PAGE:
Top 10 Reasons the United States Should Use the Metric System (or SI)

1) It’s the system 95 percent of the world uses
(It’s not standard in the U.S.,  Burma, and Liberia)
2) It’s easier to make conversions
(You just move the decimal point right and left)
3) Teaching two measurement systems to children is confusing
4) It’s the language of science
5) It’s the language of medicine
6) Human conversion errors are inevitable
(We lost a Mars orbiter that way and pharmacy mistakes are common)
7) It’s the language of international commerce
8) Many hobbies and sports use the metric system
9) Its use is necessary for travel outside of the United States
10) So we look less foolish and ignorant to the rest of the world
And a few more for good “measure..”

11) Less clutter since you don’t need liquid and dry measuring cups and teaspoons and tablespoons
(Just a scale and liquid measuring cups)
12)  It’s much easier to conceptualize 1 gram verses 1/28th of an ounce or 1 milliliter verses 1/29 of a liquid ounce (rounded measures)
13) There are fewer measures to learn. Most people will use meters, liters, and grams verses more than 10 for liquid and dry measures alone
14) It was designed to be easy to learn and use
(In 1790s Europe the literacy rate was around 60 percent)

[This post was updated on 10/6/12 to reflect more accurate information.]

15 thoughts on “Top 10 Reasons the United States Should Use the Metric System (or SI)

    • My understanding is that every country, including the United States, has “officially” adopted the metric system. The problem comes with “adopting” verses “using.” According to a presentation I have from the National Institute for Standards and Technology, that three countries haven’t adopted is a metric myth: every country has.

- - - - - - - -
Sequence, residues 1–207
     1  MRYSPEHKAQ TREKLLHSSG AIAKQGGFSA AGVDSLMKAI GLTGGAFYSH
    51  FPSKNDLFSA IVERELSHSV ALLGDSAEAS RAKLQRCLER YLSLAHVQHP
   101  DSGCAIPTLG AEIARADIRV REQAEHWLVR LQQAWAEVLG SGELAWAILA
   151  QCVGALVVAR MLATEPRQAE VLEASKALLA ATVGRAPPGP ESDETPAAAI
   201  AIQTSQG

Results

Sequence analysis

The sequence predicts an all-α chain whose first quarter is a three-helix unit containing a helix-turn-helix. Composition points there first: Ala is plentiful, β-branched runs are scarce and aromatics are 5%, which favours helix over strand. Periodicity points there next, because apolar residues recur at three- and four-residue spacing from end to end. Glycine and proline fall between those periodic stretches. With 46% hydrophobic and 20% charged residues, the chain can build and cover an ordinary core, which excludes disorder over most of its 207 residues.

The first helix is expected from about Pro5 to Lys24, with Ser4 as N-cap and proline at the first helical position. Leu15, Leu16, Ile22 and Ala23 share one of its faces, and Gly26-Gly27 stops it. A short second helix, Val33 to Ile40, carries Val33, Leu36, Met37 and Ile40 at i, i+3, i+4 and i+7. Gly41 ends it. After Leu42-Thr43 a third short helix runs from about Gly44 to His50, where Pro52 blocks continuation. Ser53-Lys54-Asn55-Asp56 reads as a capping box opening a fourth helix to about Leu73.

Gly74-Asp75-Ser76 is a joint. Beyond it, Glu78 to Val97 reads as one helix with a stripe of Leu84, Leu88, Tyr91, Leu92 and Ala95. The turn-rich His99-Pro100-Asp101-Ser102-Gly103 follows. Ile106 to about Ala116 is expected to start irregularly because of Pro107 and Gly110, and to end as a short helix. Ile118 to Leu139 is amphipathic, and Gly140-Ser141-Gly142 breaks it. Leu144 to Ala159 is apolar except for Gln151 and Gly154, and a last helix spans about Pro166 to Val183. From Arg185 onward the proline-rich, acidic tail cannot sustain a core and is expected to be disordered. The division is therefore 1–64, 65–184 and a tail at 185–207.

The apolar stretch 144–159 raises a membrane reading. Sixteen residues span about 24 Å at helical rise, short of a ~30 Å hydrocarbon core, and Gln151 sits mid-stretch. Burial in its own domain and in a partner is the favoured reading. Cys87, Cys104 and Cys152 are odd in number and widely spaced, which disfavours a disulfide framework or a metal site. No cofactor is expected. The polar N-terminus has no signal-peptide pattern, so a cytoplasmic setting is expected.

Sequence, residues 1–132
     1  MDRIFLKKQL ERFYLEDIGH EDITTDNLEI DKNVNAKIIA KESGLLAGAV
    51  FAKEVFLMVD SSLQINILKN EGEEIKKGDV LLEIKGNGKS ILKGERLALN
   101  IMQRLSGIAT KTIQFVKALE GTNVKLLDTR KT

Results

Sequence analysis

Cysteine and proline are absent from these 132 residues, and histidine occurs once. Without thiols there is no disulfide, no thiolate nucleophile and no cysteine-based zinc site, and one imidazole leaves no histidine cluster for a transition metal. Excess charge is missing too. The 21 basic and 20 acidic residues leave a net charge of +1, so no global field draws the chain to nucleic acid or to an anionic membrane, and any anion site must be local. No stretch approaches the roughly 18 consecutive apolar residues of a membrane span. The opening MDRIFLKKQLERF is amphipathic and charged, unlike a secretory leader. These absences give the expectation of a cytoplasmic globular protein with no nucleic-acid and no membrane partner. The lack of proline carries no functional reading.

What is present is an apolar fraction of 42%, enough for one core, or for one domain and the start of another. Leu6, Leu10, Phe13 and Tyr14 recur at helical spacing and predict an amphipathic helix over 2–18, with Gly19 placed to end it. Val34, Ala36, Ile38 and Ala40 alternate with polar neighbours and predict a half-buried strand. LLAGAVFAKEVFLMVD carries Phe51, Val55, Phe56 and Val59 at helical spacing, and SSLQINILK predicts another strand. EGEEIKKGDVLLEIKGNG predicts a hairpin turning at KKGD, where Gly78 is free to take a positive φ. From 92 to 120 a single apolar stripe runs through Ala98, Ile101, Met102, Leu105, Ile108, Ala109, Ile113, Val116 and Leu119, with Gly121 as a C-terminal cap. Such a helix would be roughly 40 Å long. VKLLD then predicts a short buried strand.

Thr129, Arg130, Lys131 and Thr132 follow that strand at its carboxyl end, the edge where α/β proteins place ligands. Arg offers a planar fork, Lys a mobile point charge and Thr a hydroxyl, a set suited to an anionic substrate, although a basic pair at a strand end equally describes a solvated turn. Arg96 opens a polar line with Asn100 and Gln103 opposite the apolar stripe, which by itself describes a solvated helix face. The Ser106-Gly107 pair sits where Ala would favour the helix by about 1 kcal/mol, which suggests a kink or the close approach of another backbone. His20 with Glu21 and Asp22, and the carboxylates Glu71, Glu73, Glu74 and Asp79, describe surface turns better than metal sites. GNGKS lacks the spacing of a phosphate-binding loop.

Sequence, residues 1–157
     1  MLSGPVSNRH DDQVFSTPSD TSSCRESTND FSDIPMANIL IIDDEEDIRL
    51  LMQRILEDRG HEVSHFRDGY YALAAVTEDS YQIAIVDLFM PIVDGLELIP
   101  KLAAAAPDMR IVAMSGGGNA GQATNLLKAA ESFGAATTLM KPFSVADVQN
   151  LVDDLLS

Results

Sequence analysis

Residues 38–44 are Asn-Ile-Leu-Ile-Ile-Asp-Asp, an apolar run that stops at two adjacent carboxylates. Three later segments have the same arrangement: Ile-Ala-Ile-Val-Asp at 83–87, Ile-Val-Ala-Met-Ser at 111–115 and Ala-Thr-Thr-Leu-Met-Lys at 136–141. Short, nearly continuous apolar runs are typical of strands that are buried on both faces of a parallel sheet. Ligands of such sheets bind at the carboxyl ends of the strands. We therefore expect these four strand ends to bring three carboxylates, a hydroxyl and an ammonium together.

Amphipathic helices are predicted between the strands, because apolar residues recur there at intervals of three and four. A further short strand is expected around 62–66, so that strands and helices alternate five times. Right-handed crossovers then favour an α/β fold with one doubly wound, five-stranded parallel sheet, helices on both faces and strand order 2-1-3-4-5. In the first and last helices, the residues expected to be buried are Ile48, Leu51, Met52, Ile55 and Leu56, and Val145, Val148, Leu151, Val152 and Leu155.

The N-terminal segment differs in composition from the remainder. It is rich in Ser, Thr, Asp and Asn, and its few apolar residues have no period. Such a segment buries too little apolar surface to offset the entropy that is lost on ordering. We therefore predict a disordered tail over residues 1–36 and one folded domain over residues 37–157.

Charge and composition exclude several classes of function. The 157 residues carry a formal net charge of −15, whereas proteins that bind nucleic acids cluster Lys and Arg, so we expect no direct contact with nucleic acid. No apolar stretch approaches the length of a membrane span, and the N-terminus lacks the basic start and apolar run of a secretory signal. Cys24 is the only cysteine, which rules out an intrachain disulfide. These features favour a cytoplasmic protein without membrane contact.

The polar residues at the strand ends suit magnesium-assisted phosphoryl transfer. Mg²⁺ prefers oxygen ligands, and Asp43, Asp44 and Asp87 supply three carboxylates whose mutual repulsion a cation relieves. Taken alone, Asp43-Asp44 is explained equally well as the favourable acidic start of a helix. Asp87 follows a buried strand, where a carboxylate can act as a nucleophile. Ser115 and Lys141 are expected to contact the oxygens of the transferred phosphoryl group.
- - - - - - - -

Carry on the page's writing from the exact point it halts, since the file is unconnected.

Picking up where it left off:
The link you included links to another source that says:

      “At a meeting on the development of wholesale centres held in Magwe last month, participants agreed in principle to the government’s proposal to adopt the kilogram as the basic unit for commodities trade in all townships.” and

      “Despite agreeing to consider the proposal, traders who participated in the meeting told The Myanmar Times afterwards they thought there was little chance of it being implemented in the near future.”

      That’s kind of where the United States has been for the past 200+ years and look where we are today.

      Still, I’ll do some checking around in case something has changed.

      Thanks for wanting to keep me honest.

  1. Maybe you can add some of these reasons to your list.

    Why is the metric system easier than USC? The most frequently given answers include:
    1…Because Metric is simple and consistent. There is only one meter and one kilometer and one liter..Unlike the mile (3 miles, international mile, US Survey mile, nautical mile.) and two gallons (Imperial gallon and US gallon) Metric is simple and less confusing, fewer errors, less cost.
    2…Because it dramatically reduces conversion factors in calculations. Less time doing calculations, fewer errors, less wastage in material and time, less cost.
    3…Because Metric prefix’s enable whole numbers only. Avoiding decimal fractions and missinteruptation and errors.
    4…Because Metric offers units from very large to very small.
    5…Because Metric dimensions are easier to divide by three.
    6…Because it has links between related measurements.
    7…Because it uses logical symbols.
    8..Because it is the only properly maintained system.
    9..Because practically everyone uses it. For more than 95% of the world population, the Metric system is the customary system of units, and for more than half of the industrialized world, it has been for at least a century.

    Regards from ..wjong..